Social issues

Violence Against Women (2013)

Nay3.png Graham voted against S.47 -- Violence Against Women Reauthorization Act of 2013. The bill was passed by the Senate on February 12, 2013, with a vote of 78 - 22. The purpose of the bill was to combat violence against women, from domestic violence to international trafficking in persons. All 22 dissenting votes were cast by Republicans.[18]

Previous congressional sessions

Fiscal cliff

Yea3.png Graham voted for the fiscal cliff compromise bill, which made permanent most of the Bush tax cuts originally passed in 2001 and 2003, while also raising tax rates on the highest income levels. The bill was passed in the Senate by an 89 - 8 vote on January 1, 2013.[19]


On The Issues Vote Match

Lindsey Graham's Vote Match results from On The Issues.
See also: On The Issues Vote Match

On The Issues conducts a VoteMatch analysis of elected officials based on 20 issue areas. Rather than relying on incumbents to complete the quiz themselves, the VoteMatch analysis is conducted using voting records, statements to the media, debate transcripts or citations from books authored by or about the candidate. Based on the results of the quiz, Graham is a Hard-Core Conservative. Graham received a score of 14 percent on social issues and 80 percent on economic issues.[20]

On The Issues organization logo.

The table below contains the results of analysis compiled by staff at On The Issues.

On The Issues Vote Quiz[21]
Economic Issues Social Issues
Issue Stance Issue Stance
Legally require hiring women & minorities Opposes Abortion is a woman's unrestricted right Strongly Opposes
Expand ObamaCare Strongly Opposes Comfortable with same-sex marriage Strongly Opposes
Vouchers for school choice Strongly Favors Keep God in the public sphere Strongly Favors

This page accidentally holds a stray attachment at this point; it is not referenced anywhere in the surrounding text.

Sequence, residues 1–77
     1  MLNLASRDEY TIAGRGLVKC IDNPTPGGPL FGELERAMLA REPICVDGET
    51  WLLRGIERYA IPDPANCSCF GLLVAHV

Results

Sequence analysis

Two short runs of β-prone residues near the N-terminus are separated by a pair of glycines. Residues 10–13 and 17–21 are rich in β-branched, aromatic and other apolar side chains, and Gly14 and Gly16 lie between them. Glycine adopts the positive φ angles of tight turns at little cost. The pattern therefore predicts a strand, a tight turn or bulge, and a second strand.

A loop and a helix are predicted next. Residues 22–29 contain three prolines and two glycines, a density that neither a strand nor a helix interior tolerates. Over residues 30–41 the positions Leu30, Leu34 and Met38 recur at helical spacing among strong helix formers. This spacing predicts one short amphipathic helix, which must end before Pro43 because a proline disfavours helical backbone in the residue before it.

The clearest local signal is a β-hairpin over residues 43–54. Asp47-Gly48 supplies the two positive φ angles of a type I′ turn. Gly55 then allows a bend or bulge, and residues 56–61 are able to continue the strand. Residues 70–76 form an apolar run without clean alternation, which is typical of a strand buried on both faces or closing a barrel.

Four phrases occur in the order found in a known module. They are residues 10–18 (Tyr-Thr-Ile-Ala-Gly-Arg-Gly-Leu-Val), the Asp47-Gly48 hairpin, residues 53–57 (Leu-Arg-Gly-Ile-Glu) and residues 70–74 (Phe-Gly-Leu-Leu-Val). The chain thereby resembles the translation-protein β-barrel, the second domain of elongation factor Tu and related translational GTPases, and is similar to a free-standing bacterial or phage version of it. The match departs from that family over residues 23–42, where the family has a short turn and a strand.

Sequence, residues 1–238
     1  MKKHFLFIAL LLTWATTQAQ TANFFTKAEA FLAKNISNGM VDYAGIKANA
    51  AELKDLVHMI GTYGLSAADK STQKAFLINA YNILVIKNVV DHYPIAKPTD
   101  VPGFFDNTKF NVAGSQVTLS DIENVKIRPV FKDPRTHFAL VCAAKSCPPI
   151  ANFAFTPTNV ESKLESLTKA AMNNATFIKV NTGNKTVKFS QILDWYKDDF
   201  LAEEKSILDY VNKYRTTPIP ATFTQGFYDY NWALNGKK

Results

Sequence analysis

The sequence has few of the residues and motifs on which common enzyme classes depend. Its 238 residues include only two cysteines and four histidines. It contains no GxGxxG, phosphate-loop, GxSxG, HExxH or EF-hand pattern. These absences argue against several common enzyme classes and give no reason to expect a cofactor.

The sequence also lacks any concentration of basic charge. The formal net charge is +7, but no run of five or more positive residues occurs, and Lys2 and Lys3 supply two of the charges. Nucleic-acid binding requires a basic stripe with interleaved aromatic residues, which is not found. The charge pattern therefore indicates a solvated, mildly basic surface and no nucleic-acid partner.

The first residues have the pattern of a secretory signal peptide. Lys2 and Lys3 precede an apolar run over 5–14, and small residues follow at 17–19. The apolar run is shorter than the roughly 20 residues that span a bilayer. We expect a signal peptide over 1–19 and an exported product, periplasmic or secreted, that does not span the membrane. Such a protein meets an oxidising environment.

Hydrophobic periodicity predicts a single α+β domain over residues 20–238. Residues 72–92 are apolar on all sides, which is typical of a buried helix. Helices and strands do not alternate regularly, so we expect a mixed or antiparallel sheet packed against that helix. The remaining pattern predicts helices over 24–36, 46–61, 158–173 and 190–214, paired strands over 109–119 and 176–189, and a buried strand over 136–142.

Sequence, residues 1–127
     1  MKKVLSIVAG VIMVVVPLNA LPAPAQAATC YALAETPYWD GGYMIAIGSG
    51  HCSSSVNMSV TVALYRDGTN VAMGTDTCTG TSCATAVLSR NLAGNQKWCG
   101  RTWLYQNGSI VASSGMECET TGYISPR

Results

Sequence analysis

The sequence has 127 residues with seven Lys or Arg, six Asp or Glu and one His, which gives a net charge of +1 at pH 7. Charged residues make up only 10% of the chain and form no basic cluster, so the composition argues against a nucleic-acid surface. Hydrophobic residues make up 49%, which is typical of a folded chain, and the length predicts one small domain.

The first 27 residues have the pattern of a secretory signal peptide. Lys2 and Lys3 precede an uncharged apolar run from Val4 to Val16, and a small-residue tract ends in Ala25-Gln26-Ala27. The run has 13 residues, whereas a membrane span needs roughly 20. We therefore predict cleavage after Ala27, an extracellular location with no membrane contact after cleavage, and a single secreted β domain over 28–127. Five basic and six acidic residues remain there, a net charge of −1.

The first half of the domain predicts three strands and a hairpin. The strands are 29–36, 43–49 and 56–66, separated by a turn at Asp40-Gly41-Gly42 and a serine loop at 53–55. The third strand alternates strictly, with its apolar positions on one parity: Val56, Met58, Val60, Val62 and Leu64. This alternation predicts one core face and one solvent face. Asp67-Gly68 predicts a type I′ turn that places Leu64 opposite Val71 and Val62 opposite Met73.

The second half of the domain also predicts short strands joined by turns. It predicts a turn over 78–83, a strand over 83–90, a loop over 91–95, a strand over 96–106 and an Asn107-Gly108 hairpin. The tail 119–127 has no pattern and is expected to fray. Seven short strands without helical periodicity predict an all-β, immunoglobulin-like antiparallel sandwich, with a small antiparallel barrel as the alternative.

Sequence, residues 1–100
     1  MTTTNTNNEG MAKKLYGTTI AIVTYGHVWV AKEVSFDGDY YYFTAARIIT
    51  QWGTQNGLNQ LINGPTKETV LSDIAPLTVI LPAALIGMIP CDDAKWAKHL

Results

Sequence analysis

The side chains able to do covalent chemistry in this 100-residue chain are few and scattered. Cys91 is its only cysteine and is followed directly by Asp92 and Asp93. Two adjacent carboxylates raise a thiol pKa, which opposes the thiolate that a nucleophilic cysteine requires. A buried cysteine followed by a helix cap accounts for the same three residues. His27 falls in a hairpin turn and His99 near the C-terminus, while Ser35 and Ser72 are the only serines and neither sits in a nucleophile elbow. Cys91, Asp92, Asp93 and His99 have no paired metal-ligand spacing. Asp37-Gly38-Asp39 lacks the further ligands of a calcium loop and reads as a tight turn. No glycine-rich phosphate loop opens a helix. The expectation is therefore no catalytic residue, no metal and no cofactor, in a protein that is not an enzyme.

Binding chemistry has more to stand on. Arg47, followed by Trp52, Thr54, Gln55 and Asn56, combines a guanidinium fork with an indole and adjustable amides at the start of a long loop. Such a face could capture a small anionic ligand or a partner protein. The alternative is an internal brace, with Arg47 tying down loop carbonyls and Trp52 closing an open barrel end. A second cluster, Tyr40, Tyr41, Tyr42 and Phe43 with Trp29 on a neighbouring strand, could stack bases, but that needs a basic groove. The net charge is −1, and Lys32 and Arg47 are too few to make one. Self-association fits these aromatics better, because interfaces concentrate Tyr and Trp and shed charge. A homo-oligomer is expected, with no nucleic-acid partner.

Absolute right to gun ownership Favors Human needs over animal rights Neutral
Higher taxes on the wealthy Strongly Opposes Stricter punishment reduces crime Strongly Favors
Support & expand free trade Opposes Pathway to citizenship for illegal aliens Opposes
Stricter limits on political campaign funds Neutral Maintain US sovereignty from UN Opposes
Prioritize green energy Strongly Opposes Expand the military Favors
Stimulus better than market-led recovery Strongly Opposes Stay out of Iran Strongly Opposes
Privatize Social Security Strongly Favors Never legalize marijuana Strongly Favors
Note: Information last updated: April 19, 2015.[20] If you notice the rating has changed, email us.

National security

Letter to Iran

On March 9, 2015, Senator Tom Cotton (R-Ark.) wrote a letter to Iran's leadership, warning them that signing a nuclear deal with the Obama administration without congressional approval was merely an "executive agreement." The letter also stated that "The next president could revoke such an executive agreement with the stroke of a pen and future Congresses could modify the terms of the agreement at any time." The letter was signed by 47 Republican members of the Senate. Graham was one of the 47 who signed the letter. No Democrats signed it.[22]

The letter caused intense backlash from both the Obama administration and the public. Vice President Joe Biden said of the letter, "In thirty-six years in the United States Senate, I cannot recall another instance in which senators wrote directly to advise another country — much less a longtime foreign adversary — that the president does not have the constitutional authority to reach a meaningful understanding with them."[23] On Twitter, the hashtag "47Traitors" became the top trending topic in the world, and a debate raged as to whether the 47 who signed the letter were traitors or patriots.[24]


Graham met with Afghanistan's President Hamid Karzai, along with John McCain in January 2014. The two senators urged Karzai to stop releasing prisoners that were a danger to U.S. security. They also urged him to sign the U.S. - Afghan bilateral security agreement. The U.S. threatened to remove all U.S. troops from Afghanistan by the end of 2014, if Karzai did not sign the agreement. Karzai wanted to wait to sign the agreement until after the spring election. Karzai could not seek re-election, due to term limits.[25]